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**astronomy-particle density/interior temp of sun**

## Homework Statement

The goal is to estimate the interior temperature of the Sun from its mass and particle density.

**a)**What is the average number density of particles within the Sun, given that the average mass per particle is about 10

^{-24}gram?

**b)**What is the approximate temperature necessary for gas pressure to balance gravity within the Sun, given the average particle density from a)?

**c)**How does your estimate compare with the internal core temperature of the Sun?

## Homework Equations

It has a reference to a "Mathematical Insight" problem that uses the equation: M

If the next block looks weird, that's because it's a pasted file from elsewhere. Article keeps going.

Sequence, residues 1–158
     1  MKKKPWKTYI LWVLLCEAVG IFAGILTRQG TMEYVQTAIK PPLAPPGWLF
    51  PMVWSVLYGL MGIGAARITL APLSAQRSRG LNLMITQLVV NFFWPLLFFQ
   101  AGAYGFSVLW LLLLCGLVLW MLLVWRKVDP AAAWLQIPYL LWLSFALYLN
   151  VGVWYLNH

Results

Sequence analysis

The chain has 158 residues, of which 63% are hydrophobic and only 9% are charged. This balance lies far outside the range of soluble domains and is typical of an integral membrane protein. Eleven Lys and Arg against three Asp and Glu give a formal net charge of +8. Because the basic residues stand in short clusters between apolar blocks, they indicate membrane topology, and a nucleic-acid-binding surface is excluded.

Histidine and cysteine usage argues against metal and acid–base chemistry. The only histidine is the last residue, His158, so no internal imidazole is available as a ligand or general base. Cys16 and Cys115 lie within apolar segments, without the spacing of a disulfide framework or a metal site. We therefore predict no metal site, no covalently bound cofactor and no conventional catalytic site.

_{balance}= 18M

_{sun}[tex]\sqrt{\frac{T^{3}}{n}}[/tex] .... M

_{balance}being the minimum mass required to balance the force between pressure and gravity in star formation, and n being particles per unit area.

## The Attempt at a Solution

**a)**

V = [tex]\frac{4}{3}[/tex] * [tex]\pi[/tex] * R

^{3}= [tex]\frac{4}{3}[/tex] * [tex]\pi[/tex] * (6.95*10

^{8})

^{3}= 1.406 * 10

^{27}m

^{3}

density = mass / volume = (10

^{-24}g) / (1.406 * 10

^{27}m

^{3}) = 7.1 * 10

^{-52}g/m

^{3}

Did I do that the right way?

*I have a weird feeling about the mass*.. was I supposed to just use the mass/particle they gave me? So then my volume is the density of one particle per m

^{3}? I'm really confused on that, I'd appreciate any clearance.

**b)**

Well, I'm assuming this is the part they want us to use that mathemtical equation on.. but if I solve the equation for T, what is my M

_{balance}? Is it just what I got for volume times what I got for density? ... That would then be 9.98E-25 g - way too tiny!

**c)**

Not here yet.

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